5. Talk out loud

This may sound crazy and may be a bit harder to do when other people are around. However, this is also another way I found really helped me get the material in my head. Hearing yourself say the words out loud can further encode the information in your long-term memory (fancy terms but so true). See if you can find a room at the library or find an empty classroom to just……talk to yourself. Become your own study buddy.

6. Put your phone away

Now, I may sound like an annoying parent, but trust me, I get distracted by my phone a lot. It is not even that I am messaging people, but come on, who can resist taking a twenty minute break every five minutes to go on Instagram or play around with the Snapchat dog filter. Turn your Wifi off (and no cellular data!) and just keep your phone out of sight. You can only touch your phone to check the time….occasionally!

7. Don’t study on your bed!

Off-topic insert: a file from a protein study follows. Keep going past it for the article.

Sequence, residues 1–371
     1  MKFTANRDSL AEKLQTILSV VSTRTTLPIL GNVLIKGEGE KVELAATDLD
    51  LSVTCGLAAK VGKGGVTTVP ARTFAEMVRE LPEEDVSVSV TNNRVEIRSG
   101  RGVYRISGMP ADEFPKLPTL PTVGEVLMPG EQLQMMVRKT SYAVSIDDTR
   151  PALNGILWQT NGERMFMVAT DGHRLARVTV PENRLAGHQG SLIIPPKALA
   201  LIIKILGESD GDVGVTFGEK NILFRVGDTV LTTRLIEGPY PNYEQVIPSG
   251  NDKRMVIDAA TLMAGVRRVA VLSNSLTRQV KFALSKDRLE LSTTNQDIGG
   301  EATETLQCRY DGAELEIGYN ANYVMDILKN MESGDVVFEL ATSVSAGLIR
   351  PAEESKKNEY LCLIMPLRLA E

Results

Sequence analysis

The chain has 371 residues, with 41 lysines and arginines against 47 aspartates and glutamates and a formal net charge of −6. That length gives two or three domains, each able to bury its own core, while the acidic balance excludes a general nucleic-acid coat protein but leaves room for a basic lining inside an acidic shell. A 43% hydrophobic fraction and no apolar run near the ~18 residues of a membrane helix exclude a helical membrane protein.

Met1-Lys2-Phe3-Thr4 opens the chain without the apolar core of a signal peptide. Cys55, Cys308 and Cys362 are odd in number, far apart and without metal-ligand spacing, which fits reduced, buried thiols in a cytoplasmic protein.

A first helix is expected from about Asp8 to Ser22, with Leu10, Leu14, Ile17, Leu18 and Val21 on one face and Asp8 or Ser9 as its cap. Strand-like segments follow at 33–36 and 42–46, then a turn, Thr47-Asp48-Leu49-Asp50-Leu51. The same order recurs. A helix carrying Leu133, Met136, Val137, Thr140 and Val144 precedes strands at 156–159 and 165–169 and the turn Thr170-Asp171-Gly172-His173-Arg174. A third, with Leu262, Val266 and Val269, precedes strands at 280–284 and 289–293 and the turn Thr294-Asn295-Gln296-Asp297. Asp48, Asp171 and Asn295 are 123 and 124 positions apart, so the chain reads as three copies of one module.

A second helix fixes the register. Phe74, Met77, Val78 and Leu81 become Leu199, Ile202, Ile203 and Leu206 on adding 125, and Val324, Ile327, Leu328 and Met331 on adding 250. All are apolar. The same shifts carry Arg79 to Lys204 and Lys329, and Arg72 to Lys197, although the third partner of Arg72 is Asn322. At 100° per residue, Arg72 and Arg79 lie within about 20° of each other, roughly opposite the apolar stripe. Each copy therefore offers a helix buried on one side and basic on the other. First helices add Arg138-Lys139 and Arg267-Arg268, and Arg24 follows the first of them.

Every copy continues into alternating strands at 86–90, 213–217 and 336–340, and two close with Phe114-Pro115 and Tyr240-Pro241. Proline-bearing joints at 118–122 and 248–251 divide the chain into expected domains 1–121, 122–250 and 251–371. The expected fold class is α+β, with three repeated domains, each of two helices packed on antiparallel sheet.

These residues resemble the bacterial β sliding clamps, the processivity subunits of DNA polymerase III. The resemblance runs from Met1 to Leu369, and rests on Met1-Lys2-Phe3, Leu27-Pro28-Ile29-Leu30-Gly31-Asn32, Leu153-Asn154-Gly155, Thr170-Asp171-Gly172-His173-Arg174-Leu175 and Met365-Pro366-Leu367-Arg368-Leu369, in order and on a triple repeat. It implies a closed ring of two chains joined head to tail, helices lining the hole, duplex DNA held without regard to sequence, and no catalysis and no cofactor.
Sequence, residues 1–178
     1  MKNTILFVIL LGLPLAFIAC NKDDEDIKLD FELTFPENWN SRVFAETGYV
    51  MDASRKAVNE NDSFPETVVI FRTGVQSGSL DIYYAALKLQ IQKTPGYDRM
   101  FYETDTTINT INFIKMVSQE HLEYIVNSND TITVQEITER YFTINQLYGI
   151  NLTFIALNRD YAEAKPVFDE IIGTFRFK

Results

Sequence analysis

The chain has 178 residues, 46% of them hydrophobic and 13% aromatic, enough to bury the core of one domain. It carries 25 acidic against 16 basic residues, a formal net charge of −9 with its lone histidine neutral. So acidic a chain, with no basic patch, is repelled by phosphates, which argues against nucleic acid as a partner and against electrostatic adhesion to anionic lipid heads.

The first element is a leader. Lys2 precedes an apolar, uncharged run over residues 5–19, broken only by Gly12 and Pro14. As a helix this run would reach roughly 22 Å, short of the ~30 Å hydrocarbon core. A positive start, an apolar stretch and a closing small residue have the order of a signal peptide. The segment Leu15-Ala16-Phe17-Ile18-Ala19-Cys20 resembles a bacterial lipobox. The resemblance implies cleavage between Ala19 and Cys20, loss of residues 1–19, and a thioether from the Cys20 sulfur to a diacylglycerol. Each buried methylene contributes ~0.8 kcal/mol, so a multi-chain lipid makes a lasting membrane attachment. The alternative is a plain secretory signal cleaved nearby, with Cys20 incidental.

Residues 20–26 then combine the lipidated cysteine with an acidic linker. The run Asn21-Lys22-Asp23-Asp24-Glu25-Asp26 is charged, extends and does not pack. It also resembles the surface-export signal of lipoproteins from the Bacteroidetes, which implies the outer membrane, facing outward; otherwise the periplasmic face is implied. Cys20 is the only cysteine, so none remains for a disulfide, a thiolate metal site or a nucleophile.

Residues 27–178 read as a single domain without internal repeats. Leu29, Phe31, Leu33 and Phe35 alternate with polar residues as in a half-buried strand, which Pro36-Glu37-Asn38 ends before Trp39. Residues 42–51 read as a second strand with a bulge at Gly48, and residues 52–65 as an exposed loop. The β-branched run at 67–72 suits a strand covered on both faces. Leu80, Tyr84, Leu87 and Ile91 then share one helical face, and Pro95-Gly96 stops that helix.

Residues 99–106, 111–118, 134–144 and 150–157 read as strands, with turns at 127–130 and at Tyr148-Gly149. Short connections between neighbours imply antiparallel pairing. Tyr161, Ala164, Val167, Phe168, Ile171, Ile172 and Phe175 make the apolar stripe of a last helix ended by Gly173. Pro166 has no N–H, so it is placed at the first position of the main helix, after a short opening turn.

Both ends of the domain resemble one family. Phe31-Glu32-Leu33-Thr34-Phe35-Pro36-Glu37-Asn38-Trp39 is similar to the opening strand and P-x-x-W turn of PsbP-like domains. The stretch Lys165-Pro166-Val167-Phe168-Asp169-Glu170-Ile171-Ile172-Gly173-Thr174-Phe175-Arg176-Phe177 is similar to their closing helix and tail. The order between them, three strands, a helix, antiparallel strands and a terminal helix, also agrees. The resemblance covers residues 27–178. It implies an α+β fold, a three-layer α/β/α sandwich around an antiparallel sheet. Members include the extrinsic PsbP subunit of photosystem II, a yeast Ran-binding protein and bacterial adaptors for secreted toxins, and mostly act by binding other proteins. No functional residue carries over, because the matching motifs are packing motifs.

As comfy as your bed may seem, it is not good a place for studying. Try to sit upright on a desk or at a table. Also, make sure you are in a well-lit place  because dim places may even make you a bit drowsy. Temperature is important too. You can’t study if you’re too cold or too hot, so try to study in an area with the right temperature. In addition, I try not to study in my pajamas. Even if I am studying in my room, I try (most of the times) to wear track pants. Be comfortable enough to study but not enough to fall asleep! It also helps if you don’t eat too many carbs or eat so much food that you go into food coma right before studying!

I hope these tips help some of you! Let me know if you have any tips of your own! Happy studying! Good luck on upcoming exams! You’ll do fantastic!